Fillers increasingly used in nontraditional areas for soft tissue augmentation

June 1, 2013

Filler procedures have become a staple in the dermatologic armamentarium for the treatment of numerous cosmetic indications, allowing physicians to perform sophisticated soft tissue augmentation procedures in their patients, safely and effectively. Though the correction of nasolabial folds was the first and perhaps the most popular indication for fillers, nontraditional areas where these cosmetic tools can be implemented are ever growing.

 

Miami Beach, Fla. - Filler procedures have become a staple in the dermatologic armamentarium for the treatment of numerous cosmetic indications, allowing physicians to perform sophisticated soft tissue augmentation procedures in their patients, safely and effectively. Though the correction of nasolabial folds was the first and perhaps the most popular indication for fillers, nontraditional areas where these cosmetic tools can be implemented are ever growing.

“Most of the currently available dermal fillers have been FDA (Food and Drug Administration) approved for the correction of the nasolabial folds, because the nasolabial folds were one of the pioneering areas in cosmetic filler treatments and there is a very good rating scale gauging treatment success,” says Rhoda S. Narins, M.D., clinical professor of dermatology, New York University School of Medicine, and director of the Dermatology Surgery and Laser Center, New York. “Though most of the fillers were initially approved for this indication, physicians are increasingly performing off-label aesthetic treatments, addressing a growing number of cosmetic indications.”

A number of nontraditional areas for soft tissue augmentation are being explored, include the earlobes, eyebrows, temples, tear trough, nose, lips, fine perioral lines, cheekbone area, chin, pre-jowl sulcus, jawline, hands, décolletage and nipples. Many dermal filler products and other filler techniques such as autologous fat grafting can be useful for correcting deformities and unevenness in body contour after suboptimal liposuction procedures, as well as for postsurgical repair, Dr. Narins says.

“I think the lips are now considered for many of the fillers as an area commonly treated, and some products have even recently received FDA approval for lip enhancement, bringing this indication into the mainstream of on-label filler treatments,” Dr. Narins says.

Picking the right filler

The type of filler a clinician chooses will depend largely on the individual patient, how much the patient is willing to invest, and the critical decision made by the physician regarding which filler is best for a given area, she says. Depending on the anatomical location and cosmetic correction to be made, Dr. Narins says some filler products can be better than others.

FDA-approved filler products and techniques include those made of hyaluronic acid (HA), calcium hydroxylapatite, poly-L-lactic acid, polymethyl methacrylate, silicone (off-label as a filler), as well as autologous fat. Synthetic dermal fillers are based on various technologies and properties, and each product can be differentiated in part by their degree of cross-linking, concentration, gel hardness (or G prime) and cohesivity. According to Dr. Narins, choosing the right filler for the right indication is instrumental in achieving excellent aesthetic outcomes.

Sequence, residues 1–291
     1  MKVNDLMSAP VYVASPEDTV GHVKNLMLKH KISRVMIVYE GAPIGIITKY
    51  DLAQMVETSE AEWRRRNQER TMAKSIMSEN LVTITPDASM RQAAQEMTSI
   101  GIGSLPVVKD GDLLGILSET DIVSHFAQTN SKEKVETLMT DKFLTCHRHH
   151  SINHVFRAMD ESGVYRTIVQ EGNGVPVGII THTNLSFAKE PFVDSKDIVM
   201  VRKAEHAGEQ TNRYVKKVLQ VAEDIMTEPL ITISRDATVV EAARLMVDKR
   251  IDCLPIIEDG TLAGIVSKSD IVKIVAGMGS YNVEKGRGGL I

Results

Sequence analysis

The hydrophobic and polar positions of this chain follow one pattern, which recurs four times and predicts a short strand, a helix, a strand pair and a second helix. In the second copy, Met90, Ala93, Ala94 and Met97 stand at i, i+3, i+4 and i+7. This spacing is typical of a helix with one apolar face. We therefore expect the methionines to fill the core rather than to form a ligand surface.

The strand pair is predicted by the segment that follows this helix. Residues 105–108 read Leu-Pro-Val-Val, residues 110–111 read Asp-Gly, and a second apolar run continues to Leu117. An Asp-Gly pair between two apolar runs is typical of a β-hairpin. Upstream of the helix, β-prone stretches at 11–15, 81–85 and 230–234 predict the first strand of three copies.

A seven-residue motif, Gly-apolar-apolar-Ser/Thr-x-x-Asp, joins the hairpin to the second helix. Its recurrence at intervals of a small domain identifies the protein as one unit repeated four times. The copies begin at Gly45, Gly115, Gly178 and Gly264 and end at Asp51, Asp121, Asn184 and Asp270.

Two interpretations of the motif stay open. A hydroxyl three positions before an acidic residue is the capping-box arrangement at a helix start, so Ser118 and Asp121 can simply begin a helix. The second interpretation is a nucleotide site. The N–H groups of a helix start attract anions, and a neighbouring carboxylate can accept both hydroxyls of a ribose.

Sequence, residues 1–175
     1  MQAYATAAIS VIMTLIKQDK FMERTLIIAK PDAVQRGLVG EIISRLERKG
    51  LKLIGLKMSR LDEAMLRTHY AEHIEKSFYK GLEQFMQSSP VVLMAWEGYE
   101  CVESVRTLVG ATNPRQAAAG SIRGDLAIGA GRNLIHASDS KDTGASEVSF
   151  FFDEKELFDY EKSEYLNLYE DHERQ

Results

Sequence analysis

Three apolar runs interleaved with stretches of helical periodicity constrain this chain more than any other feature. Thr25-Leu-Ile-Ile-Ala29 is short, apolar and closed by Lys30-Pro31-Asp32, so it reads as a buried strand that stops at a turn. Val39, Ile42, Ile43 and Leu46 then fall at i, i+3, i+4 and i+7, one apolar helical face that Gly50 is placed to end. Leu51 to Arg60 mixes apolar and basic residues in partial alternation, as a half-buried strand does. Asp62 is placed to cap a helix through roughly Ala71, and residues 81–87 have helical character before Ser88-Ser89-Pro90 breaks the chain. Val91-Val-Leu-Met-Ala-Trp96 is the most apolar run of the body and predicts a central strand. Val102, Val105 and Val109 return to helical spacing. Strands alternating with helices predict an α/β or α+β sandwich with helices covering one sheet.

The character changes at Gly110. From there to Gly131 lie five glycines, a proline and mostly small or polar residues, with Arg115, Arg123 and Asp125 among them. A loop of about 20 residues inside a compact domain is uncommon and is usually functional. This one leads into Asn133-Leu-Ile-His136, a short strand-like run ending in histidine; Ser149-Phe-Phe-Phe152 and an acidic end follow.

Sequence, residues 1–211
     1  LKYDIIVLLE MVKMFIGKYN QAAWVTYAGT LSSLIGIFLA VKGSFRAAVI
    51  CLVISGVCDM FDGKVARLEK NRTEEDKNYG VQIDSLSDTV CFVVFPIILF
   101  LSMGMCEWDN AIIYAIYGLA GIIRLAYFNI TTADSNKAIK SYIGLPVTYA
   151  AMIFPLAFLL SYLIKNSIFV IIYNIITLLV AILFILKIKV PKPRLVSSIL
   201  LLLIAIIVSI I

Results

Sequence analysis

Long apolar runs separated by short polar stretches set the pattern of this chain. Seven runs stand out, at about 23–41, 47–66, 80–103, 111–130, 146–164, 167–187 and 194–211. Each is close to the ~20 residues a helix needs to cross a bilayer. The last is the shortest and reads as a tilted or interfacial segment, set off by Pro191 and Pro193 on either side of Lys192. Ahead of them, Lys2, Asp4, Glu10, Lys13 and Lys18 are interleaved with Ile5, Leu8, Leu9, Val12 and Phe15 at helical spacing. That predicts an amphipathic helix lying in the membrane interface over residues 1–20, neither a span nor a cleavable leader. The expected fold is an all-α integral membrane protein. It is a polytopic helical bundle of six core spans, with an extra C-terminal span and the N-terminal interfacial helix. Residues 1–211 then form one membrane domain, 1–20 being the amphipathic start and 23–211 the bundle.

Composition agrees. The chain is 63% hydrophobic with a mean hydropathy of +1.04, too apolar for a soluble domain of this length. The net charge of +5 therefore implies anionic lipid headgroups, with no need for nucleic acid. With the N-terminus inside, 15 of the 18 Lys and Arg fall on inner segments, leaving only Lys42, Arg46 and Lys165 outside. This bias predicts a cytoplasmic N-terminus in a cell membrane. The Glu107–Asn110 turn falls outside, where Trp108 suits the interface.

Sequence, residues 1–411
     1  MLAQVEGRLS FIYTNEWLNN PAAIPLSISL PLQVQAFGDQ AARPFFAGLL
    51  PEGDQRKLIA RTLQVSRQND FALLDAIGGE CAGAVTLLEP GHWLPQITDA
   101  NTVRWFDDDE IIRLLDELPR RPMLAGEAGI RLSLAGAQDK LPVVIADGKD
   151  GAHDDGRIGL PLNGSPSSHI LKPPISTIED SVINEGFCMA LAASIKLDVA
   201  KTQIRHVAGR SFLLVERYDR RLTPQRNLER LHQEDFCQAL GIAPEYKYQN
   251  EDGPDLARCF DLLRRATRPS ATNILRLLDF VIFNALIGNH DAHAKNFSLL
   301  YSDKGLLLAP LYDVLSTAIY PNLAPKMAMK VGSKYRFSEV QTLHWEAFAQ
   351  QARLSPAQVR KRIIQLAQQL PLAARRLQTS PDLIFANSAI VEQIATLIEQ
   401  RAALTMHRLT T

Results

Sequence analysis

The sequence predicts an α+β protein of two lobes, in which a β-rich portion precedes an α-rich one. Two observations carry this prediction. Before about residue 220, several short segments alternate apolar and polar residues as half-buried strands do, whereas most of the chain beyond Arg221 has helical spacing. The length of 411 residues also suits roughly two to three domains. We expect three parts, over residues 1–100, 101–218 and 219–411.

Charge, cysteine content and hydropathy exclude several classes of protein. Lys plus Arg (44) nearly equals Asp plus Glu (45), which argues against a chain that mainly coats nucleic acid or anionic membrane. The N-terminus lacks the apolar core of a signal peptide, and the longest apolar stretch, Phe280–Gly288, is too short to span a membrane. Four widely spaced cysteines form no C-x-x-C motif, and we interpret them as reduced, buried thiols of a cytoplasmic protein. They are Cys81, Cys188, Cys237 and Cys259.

“In my experience, fat grafting can give you a lot of volume but it is not a very ‘fine’ filler. I believe that in addition to different synthetic fillers, autologous fat is an excellent option for volumizing the cheek area, correcting lipoatrophy or replenishing the lost volume under the eyes, but it is not the best choice for lip enhancement or fine line filling,” she says. “Furthermore, many patients do not have excess fat or do not want an additional surgical procedure to harvest the fat.”

Patient selection for any cosmetic procedure is extremely important, and here, the physician has to critically evaluate and decide which filler would work best in a given patient based, in part, on several factors - such as the patient’s skin and type of cosmetic issue, Dr. Narins says. Other factors that may play a role in choosing the appropriate filler include cost, the longevity of filler outcomes as well as a filler product that a patient feels comfortable with.

HA popularity

Hyaluronic filler products are very popular in aesthetic medicine not only because of the excellent treatment outcomes one can achieve, according to Dr. Narins, but also because these fillers can be very forgiving in that the results can be reversed with hyaluronidase after the procedure.

“In order to help avoid suboptimal treatment outcomes, I believe it is often best not to overcorrect the target area. Filler procedures can be performed in multiple sessions over time so that you never get an overdone look. Depending on the indication, I also often prefer to use cannulas as this may help reduce the risk of complications such as bruising,” Dr. Narins says.

Physicians who perform soft tissue augmentation procedures should not only have an intimate knowledge of the local anatomy, but also should be well-versed in all of the available products and injection techniques, she says.

“Innovative dermal fillers have revolutionized the way physicians approach cosmetic augmentation procedures. As the off-label indications for these fillers continue to grow, physicians need to have a meticulous knowledge of each filler product and their fine nuances to be able to better decide which one works best for a given indication, ensuring maximum safety and aesthetic outcomes in their patients,” Dr. Narins says.

Disclosures: Dr. Narins reports no relevant financial interests.